I have heard a lot of messages about God’s forgiveness and grace. About how someone can never be so far away that the loving arms of God and His mercy cannot reach. Most of those devotionals and sermons take short verses out of context and poorly reflect a true exposition of the Word of God. But there is no mistaking Jesus’ own words in Luke 7 that deal so directly with forgiveness and grace.
And Jesus answering said unto him, Simon, I have somewhat to say unto thee. And he saith, Master, say on. There was a certain creditor which had two debtors: the one owed five hundred pence, and the other fifty. And when they had nothing to pay, he frankly forgave them both. Tell me therefore, which of them will love him most? Simon answered and said, I suppose that he, to whom he forgave most. And he said unto him, Thou hast rightly judged. And he turned to the woman, and said unto Simon, Seest thou this woman? I entered into thine house, thou gavest me no water for my feet: but she hath washed my feet with tears, and wiped them with the hairs of her head. Thou gavest me no kiss: but this woman since the time I came in hath not ceased to kiss my feet. My head with oil thou didst not anoint: but this woman hath anointed my feet with ointment. Wherefore I say unto thee, Her sins, which are many, are forgiven; for she loved much: but to whom little is forgiven, the same loveth little. Luke 7:40-48 KJV
A “woman” only identified as “a sinner”, makes her way into the house of Jesus’ host, a Pharisee. Imagine being an extra in a movie that somehow gets some lead screen time, only to be identified in the credits at the end of what turns out to be a blockbuster movie, as “a sinner”. That’s all history will ever know about her other than during this storyline, she cleans and wipes Jesus with her own tears and hair and anoints his feet with expensive ointment.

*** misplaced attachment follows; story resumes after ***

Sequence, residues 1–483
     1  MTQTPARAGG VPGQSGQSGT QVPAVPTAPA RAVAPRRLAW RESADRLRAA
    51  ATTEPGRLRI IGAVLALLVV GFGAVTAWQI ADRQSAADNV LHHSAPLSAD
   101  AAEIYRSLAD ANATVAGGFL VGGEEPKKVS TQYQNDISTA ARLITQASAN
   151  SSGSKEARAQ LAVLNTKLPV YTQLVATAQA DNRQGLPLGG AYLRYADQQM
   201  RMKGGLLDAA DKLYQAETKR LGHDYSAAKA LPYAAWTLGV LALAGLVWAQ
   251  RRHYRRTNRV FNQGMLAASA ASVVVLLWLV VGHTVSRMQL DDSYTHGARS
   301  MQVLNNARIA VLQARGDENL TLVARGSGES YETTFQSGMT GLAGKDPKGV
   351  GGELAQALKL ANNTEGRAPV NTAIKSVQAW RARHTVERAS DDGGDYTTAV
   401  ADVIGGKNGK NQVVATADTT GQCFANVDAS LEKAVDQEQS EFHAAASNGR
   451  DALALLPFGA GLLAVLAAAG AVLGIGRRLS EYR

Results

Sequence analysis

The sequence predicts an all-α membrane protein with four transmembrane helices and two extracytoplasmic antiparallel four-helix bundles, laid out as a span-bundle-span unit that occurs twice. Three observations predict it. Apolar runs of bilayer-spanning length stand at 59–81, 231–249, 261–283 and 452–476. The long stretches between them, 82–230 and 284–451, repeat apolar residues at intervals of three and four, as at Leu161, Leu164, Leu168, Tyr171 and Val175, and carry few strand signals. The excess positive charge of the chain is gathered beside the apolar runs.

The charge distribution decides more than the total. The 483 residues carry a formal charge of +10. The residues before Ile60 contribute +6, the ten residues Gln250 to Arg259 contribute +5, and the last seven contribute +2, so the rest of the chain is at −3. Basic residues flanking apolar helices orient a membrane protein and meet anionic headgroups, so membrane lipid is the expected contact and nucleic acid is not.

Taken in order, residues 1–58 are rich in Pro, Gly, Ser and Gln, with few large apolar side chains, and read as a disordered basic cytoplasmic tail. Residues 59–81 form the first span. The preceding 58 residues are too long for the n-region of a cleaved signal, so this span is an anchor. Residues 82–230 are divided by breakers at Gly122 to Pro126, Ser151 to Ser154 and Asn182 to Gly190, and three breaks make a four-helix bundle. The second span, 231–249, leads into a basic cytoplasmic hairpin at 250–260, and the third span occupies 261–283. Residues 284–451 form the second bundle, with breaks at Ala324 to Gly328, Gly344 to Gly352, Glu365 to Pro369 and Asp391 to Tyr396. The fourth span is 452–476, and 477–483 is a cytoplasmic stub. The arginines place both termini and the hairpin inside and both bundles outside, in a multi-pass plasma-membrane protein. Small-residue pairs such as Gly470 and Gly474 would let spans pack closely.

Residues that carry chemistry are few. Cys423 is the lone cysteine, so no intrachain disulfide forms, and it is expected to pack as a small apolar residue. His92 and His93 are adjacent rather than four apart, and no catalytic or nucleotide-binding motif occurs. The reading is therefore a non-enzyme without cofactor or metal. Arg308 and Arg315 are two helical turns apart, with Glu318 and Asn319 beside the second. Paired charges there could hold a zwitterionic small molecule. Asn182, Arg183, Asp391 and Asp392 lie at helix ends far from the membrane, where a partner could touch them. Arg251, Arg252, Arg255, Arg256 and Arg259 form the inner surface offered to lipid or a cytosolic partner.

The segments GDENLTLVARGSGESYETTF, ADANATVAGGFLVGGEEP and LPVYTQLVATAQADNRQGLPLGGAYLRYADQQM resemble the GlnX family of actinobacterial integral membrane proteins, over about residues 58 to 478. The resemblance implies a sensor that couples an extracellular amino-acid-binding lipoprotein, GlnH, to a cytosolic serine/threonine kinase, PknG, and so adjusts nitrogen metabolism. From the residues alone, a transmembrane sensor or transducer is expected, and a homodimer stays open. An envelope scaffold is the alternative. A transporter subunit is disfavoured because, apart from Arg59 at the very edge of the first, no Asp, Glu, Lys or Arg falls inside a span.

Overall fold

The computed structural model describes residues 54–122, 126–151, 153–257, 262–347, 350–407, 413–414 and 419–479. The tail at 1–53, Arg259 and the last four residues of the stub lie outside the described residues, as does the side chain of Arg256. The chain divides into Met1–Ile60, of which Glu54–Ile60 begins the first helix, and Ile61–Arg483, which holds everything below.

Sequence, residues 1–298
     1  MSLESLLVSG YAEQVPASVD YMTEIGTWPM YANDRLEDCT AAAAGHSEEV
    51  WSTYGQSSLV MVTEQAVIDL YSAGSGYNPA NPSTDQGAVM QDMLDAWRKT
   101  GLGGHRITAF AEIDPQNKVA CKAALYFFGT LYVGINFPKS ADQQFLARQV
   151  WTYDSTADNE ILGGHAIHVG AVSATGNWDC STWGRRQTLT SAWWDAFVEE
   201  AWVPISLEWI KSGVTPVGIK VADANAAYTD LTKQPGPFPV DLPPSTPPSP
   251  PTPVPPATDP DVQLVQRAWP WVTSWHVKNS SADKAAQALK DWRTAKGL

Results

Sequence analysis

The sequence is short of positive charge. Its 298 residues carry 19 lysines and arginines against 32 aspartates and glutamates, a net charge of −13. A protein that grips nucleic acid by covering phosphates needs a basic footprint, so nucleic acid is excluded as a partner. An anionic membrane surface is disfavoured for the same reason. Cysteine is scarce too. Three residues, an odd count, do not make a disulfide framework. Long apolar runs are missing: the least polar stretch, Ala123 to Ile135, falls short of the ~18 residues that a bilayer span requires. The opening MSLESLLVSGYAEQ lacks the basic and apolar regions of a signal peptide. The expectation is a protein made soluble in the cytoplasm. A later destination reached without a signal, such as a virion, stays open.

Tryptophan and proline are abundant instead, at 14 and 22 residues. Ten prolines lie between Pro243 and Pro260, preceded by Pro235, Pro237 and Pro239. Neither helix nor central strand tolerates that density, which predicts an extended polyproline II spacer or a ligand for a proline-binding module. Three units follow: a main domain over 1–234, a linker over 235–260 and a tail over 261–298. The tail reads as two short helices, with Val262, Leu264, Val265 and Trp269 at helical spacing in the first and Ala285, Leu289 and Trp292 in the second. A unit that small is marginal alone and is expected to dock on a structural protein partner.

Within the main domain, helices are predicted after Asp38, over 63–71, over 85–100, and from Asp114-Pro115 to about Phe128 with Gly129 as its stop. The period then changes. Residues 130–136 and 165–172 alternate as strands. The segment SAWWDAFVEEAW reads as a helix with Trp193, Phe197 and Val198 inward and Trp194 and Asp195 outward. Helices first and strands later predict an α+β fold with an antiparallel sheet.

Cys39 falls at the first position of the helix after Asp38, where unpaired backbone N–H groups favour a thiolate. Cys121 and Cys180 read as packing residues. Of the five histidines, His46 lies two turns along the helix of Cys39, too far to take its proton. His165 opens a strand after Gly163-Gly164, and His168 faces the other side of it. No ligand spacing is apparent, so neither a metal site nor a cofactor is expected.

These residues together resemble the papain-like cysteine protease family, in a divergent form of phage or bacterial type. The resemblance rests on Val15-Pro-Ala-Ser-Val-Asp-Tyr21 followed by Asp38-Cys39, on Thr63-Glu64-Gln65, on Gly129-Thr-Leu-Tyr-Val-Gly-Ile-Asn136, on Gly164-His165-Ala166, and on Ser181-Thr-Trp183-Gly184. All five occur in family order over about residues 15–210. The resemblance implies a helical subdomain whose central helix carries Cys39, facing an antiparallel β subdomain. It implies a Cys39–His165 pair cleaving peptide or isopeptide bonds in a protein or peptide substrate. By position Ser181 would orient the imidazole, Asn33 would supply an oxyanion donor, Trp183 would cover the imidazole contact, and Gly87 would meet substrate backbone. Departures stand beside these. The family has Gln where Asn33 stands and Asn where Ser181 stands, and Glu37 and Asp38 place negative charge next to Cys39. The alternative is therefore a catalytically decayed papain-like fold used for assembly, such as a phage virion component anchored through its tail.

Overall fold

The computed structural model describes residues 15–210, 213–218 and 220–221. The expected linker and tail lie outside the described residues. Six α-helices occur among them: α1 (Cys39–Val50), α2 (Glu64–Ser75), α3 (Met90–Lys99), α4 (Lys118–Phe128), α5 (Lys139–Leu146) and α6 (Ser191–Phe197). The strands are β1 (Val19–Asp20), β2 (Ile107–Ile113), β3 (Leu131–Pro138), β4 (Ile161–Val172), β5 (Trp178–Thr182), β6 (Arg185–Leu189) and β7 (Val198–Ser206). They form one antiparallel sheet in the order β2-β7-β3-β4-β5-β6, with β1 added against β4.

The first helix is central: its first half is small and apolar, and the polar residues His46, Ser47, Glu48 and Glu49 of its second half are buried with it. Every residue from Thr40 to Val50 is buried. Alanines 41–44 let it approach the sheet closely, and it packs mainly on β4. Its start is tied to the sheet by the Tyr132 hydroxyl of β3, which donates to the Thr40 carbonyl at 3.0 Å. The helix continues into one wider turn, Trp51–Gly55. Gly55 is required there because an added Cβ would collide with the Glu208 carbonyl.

Simon, the Pharisee who was hosting Jesus, seemed surprised that Jesus didn’t know the reputation of this woman, since He was claiming to be a “prophet”. Surely a prophet, would know sin when He saw it and would have addressed it. This led to Simon having said to himself, not apparently verbally, doubts about Jesus’ legitimacy. That’s an important element in this passage, because Jesus answers Simon’s questioning without Simon having verbalized it. (Some might call that a clue.)
But what Jesus says next ought to be wonderful words of hope, the next time someone questions whether or not God could love them because of the multitude of their sins. Jesus’ response was that someone who has known sin extensively and intimately will not only know and experience God’s love and forgiveness, but will in turn appreciate and reciprocate love from and towards God extensively and intimately. More simply said, God doesn’t turn away the vilest offenders of sin, rather He embraces them. To be forgiven at such a level means to be capable of love at another level. And God welcomes those who love Him deeply.
Sadly, the church and Christians today are more like the pharisee. It is extremely easy for those who have been long taught in the Word, for those who have grown up in the church, for those who have been saved since childhood, to take Him for granted. Far too easy for our relationship to be so routine that we have lost our appreciation for all He has done for us. Easy for us to go about the habits of church and the Christian walk, going through the motions, but void of true and deep love for and worship of our Lord and Savior Jesus Christ.
We should take the lesson of this no name sinner and ask God to give us that kind of passion for love, faith, and worship and break out of the routine we have developed like Simon. Oh that we too could be counted of such worship and faith to be forever remembered as just “a sinner”.
Dr. Ronald J. Barnes Jr.
President / CEO
August 16, 2021